US Supreme Court filings: a primer

Sorry I've been gone a while, but I've been busy.

In today's post, I'll walk you through a (very rudimentary) tutorial on the shakedown that is filing things in the US Supreme Court, as I had to teach myself this last month.

Question 1: Why?

-I don't know why, but if you are the Petitioner, good luck. Depending where you look, the odds to get your certiorari granted are less that 5%.  If you are on death row, keep fighting the good fight, assuming you're innocent. If you're trying to keep minorities from voting in North Carolina, then I guess you have to keep trying.  Either way, its a pain to file things in the supreme court, but let's proceed.

Step 1: Get Admitted

So your case is appealed to the USSCT, or you need to appeal a case up there. First things first, you have to be admitted to the Supreme Court bar! Ask around, and some say this is a vanity trip, and I might not disagree. However vane it may be, its $200 and this form to join the club. You also have to find some friends who are part of the club to endorse you. Special thanks to the Richardsons, and Roger Sanders for this endorsement. Mail it off, and they send you an email saying..."one more click and you are confirmed!"

This takes you to a third party framing site, which, after rejecting the several overpriced framing options for your new shiny supreme court bar certificate, you can confirm you actually want the certificate you already paid for as part of your $200 fee. I understand it, because, capitalism and all, but poor form, supreme court, poor form requiring me to click through ten screens of pretty frames just to get my certificate. I digress.

Step 2: Respond

If you are at this point, you probably know your case and have most of the content ready to go. As any 1L or appellate lawyer will tell you, you end up spending as much time formatting as writing. This part is awful. However, I found this template that, while advertising for another company's services, got the job done. But that is just the beginning.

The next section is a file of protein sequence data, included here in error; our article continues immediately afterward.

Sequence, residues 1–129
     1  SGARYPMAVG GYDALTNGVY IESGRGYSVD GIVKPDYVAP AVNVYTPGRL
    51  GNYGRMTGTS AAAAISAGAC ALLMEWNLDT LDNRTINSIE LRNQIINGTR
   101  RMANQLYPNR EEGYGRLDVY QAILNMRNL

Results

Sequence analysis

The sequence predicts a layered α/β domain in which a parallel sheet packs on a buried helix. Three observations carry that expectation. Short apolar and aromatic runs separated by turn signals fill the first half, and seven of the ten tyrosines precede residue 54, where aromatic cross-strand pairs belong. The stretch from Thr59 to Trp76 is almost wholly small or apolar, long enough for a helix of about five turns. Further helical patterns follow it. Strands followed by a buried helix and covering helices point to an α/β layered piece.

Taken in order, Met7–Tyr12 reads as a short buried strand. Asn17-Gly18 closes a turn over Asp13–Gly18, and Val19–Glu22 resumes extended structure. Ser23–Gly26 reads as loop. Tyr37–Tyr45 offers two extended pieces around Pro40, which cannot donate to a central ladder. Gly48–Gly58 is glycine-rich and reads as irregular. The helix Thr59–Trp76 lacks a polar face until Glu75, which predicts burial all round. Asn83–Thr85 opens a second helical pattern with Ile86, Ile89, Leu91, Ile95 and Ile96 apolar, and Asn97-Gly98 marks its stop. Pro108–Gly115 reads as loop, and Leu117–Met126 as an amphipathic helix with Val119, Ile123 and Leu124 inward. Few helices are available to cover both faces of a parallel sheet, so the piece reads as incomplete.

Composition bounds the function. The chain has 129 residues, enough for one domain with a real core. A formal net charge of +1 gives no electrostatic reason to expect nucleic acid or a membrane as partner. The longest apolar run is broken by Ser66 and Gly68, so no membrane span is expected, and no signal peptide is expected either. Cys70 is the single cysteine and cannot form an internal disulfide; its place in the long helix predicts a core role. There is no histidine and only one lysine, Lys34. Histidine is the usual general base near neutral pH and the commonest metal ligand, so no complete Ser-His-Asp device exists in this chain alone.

Step 3: The Booklet

Within THE RULES of the Supreme Court, you find out the following:

Rule 33. Document Preparation: Booklet Format; 8 1/2­ by 11-Inch Paper Format 1. Booklet Format: (a) Except for a document expressly permitted by these Rules to be submitted on 81/2- by 11-inch paper, see, e. g., Rules 21, 22, and 39, every document filed with the Court shall be prepared in a 6 1/8- by 9 1/4-inch booklet format using a standard typesetting process (e. g., hot metal, photocomposition, or computer typesetting) to produce text printed in typographic (as opposed to typewriter) characters. The process used must produce a clear, black image on white paper. The text must be reproduced with a clarity that equals or exceeds the output of a laser printer.

What? I can't just do it online? NO, you can't, and you can't do it at home/the office unless you have a print shop. A 6 and 1/8 inch by 9 and 1/4 inch booklet, it turns out, you cannot just make in your own office printer. It gets better.

Your petition has to have a white cover. An opposition? It has to have an Orange cover. Yep, orange. A brief on the merits? Light Blue. After that, you have to file 40 of them with the court, and 3 with all parties. FORTY.

Can't I just outsource this? You bet you can. And the outsources will email you. And Email you. For a complete hands off with response, expect to pay several grand. Cheapest quote I found for just printing and delivery was $1500 I think, most were around $3k and up.

Instead, I called my good friend Ronnie at BnB solutions and he made my little orange books perfectly, and got them to DC on time. Under $200. Ronnie, I salute you.

Step 4: Sit back and wait. 


Now is the easy part, you sit back and hope the Clerks up there agree with whatever your position is, and stick your 40 colorful books in the good pile.


PRO TIP: Call the clerks. They are awesome, usually answer their phones, and will guide you through everything. If they don't answer, they actually call you back.

Conclusion:

If you have to file something in the US Supreme Court, don't fret. It can seem daunting, but as long as you take your time, you can get it done efficiently and cost effectively.




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